It may seem controversial to return carnivores near inhabited areas, but without them, deer numbers have increased above what the landscape can sustain, leading to overgrazing preventing tree saplings from maturing. The consequence is the sad sight of deer starved to death in the winter when access to food declines. Moreover, constant overgrazing leads to a monotonous, homogenous landscape.
But Lister had a vision: he planted over 800,000 trees and protected them from deer with a new fence. New predators naturally control the deer population and in doing so enable the regrowth of forest transforming a part of Scotland for the benefit of generations to come. He has opened an eco-lodge with a capacity of up to 14 guests to stay in traditional Scottish style, and two self catering cottages offer an even more remote experience further off the road in from Inverness. Out hiking in the resurgent lands, it was fascinating to hear about the complex ongoing work required to do something different with a large estate. Seeing the tenacious, luminous saplings rise up out of the bracken and branch out to embrace the sun there is an exciting feeling of transformation. The next step is to bring back the long-extinct megafauna.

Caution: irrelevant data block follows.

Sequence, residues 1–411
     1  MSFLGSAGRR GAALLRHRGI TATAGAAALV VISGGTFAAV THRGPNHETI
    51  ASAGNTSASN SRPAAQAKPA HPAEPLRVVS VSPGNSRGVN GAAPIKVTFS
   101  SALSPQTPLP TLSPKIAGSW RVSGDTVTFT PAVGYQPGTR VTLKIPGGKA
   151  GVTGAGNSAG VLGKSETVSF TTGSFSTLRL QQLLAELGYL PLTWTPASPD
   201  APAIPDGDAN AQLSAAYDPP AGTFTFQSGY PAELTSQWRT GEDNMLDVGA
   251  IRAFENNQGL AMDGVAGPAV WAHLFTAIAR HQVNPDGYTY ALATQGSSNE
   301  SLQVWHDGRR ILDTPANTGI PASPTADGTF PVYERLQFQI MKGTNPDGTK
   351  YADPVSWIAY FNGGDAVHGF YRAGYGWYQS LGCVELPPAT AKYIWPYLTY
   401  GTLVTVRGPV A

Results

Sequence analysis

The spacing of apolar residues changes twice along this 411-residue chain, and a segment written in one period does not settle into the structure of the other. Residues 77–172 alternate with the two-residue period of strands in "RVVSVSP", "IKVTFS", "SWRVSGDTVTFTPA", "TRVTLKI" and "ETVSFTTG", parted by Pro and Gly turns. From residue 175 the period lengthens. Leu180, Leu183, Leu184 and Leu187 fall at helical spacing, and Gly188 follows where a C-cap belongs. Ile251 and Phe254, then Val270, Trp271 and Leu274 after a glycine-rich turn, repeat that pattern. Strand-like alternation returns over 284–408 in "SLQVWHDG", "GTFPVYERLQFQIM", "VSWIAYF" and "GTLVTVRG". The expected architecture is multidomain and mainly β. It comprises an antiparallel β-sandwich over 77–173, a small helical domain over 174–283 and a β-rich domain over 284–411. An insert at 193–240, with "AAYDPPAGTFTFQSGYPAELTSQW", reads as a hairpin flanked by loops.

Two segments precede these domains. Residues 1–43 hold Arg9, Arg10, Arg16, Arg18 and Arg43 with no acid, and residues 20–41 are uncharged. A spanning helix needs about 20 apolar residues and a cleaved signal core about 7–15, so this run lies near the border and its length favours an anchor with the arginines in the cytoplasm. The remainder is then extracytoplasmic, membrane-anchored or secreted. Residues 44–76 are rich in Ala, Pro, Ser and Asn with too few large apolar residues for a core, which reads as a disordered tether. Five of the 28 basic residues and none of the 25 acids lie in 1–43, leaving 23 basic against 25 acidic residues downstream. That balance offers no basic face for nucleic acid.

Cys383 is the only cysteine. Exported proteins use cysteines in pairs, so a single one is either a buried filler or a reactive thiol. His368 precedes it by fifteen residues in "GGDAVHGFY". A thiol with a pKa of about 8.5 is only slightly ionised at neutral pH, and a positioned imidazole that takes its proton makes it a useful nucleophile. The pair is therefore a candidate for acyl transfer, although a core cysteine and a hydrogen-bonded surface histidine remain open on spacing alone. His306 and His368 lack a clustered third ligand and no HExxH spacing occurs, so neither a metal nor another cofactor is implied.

Paul’s long-term perspective and passion has been inspired, in part, by life-changing experiences in Europe’s last remaining wilderness. 99% of European forest has been cut down. Of the remaining 1% half is in Romania. This fragile and precious reserve of wild species is testament to the beauty and abundance of a forest that has never been felled. Lister’s epiphany in the wilderness speaks to the psychological, emotional and spiritual nourishment offered by wildplaces and spurred him to take action alongside other environmental luminaries such as HRH Prince Charles – another ambassador for Romanian wilderness. Paul has also been inspired by other ecological visionaries such Doug & Kris Tompkins (Patagonia/North Face/Esprit) who are moving fast to protect wild lands in Chile and Argentina.